An important aspect of Van Halm’s practice has been the rigorous explorations of the relationship between architecture and gender which led her to paint a series of domestic interiors.
…The two works in the exhibition, Bungalow and Pauline continue to address and build on Van Halm’s earlier concerns. Bungalow refers to the small single family house that became popular in Britain and North America between 1910 and 1930. the term bungalow is derived from the Bengali word bangala – the typical native dwellings of British Bengal.1 These mass-produced prefabricated homes were marketed by companies like Sears and advertised as affordable for the workingman.2 The symbolized the changing structure of cities and the development of the suburbs in the early part of the century. Van Halm’s interest in the bungalow focuses primarily on the manner in which these houses have undergone various transformations over the years through changes of ownership and subsequent renovations. The house serves as a vehicle to display the personality, affluence and needs of their owners. …
Pauline reflects Van Halm’s interest in the relationship of architecture and gender by examining issues of décor and personal space in relation to architecture. …Pauline is a 3/4 scale model of a corner of a studio room in Schindler’s Kings Road House in North Hollywood, Los Angeles, Constructed in 1922, the house is recognized as a modern masterpiece for its plan, materials, construction system and spatial relationships. …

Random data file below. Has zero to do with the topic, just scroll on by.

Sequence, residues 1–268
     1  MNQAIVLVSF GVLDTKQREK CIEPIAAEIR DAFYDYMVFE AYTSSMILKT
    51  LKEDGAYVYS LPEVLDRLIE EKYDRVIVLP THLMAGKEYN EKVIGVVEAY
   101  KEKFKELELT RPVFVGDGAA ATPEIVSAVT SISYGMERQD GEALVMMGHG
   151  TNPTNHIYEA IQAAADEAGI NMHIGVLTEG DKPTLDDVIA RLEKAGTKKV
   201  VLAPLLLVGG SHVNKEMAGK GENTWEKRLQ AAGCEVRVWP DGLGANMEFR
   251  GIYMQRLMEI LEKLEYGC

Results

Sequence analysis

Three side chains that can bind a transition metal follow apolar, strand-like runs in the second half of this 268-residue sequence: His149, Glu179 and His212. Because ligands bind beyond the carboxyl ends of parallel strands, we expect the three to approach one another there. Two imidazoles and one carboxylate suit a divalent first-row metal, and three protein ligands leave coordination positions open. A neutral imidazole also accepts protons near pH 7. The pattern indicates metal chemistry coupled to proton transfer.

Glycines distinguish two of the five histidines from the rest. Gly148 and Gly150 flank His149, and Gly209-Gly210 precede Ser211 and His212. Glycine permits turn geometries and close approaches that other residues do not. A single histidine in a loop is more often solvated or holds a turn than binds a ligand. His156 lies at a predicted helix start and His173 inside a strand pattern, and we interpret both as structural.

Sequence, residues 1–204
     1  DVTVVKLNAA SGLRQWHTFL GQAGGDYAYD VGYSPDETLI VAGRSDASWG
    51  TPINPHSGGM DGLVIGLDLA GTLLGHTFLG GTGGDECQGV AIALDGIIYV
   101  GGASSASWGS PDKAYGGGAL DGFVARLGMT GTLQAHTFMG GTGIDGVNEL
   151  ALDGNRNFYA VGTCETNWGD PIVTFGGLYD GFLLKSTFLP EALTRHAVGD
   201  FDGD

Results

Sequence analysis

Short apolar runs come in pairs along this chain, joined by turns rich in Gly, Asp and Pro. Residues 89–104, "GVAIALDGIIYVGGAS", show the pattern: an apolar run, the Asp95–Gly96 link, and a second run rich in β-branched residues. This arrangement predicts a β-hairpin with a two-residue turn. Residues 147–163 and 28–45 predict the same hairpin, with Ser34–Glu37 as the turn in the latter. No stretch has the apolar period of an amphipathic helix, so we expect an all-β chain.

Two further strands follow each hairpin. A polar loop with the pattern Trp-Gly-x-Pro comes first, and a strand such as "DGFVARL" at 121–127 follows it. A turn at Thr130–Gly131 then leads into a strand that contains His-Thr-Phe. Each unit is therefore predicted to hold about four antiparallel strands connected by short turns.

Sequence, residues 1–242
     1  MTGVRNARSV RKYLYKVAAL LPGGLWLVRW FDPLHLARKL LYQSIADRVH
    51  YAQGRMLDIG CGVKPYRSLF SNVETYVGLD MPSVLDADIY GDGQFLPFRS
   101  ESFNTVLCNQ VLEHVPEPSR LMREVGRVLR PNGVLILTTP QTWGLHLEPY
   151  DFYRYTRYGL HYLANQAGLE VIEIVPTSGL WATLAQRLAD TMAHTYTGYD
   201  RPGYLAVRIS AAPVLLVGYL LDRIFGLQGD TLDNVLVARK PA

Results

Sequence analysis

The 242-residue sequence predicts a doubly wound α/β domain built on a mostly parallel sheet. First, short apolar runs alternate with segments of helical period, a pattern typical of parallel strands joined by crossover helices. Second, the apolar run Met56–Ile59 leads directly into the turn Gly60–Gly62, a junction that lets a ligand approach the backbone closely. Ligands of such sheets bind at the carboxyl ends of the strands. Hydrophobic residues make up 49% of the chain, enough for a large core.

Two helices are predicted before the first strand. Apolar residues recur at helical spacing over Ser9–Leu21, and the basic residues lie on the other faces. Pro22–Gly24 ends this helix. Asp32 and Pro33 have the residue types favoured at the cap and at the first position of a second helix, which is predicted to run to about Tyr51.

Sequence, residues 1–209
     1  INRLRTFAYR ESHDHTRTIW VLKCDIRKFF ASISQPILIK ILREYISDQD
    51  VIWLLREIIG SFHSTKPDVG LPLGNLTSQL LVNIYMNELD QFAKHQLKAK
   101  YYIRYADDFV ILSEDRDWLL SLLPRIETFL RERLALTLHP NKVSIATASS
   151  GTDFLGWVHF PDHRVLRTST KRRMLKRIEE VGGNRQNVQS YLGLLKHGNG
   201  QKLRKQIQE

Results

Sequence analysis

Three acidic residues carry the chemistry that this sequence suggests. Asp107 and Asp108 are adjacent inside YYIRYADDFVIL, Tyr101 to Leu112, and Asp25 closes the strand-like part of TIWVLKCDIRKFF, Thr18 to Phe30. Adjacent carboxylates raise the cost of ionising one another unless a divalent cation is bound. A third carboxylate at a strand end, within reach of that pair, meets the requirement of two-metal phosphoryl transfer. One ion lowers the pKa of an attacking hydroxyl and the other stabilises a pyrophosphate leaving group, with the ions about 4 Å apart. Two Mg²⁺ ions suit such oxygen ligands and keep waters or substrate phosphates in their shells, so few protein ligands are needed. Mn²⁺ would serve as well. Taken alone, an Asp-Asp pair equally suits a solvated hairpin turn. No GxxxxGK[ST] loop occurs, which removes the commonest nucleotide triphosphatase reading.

Pauline (the work’s namesake) …painted her studio a vivid pink. …Van Halm recreates this pink to refer to Pauline’s decorative transgression  thus pointing to a rupture in the binarism between architecture and decoration. Van Halm draws attention to Pauline’s action in relationship of modern architecture and the gendering of space.
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1 Alan Gowans, The Comfortable House, (Cambridge: MIT Press, 1986), 76.
2 Ibid, 78.